While many around Barton County will gather with friends and family to enjoy Super Bowl XLVIII this Sunday, United Methodist Women members at First United Methodist Church in Great Bend hope fans will keep in mind the plight of some who will endure ongoing slavery in the form of human trafficking, either as service workers or sex workers.
In recent years, several groups, both ecumenical and secular, have taken up the cause to build awareness of this practice.
“As the Super Bowl ranks second only to Thanksgiving as the day in which Americans consume the most food, some of those who are trafficked will serve food in restaurants or at catered parties. Others will clean hotel rooms or wash dishes, wome will tidy nail salons, deliver dry cleaning or wash windows; and others will be trafficked as sex workers, working as “escorts” or in men-only clubs,” according to a UMW action alert distributed to members at the January meeting.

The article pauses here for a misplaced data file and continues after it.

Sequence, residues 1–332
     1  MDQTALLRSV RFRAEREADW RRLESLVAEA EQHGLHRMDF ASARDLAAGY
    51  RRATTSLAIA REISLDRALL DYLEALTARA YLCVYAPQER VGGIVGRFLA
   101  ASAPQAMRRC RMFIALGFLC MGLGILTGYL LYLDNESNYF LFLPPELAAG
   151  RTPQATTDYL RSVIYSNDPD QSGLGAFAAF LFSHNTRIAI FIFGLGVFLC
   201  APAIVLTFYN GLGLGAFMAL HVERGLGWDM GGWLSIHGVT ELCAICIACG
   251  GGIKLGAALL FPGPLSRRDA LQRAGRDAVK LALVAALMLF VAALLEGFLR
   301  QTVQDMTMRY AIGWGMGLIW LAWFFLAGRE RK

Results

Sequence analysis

To raise awareness, members are taking part in a photo drive with the theme, “Freeze! United Methodist Women is Intercepting Human Trafficking.”
“We hope everyone will take a moment to pray for God to give them the courage to comfort the abused, confront the abuser and support those who are at the front lines of the struggle,” said LaVonne Gerritzen, FUMC UMW spokesperson.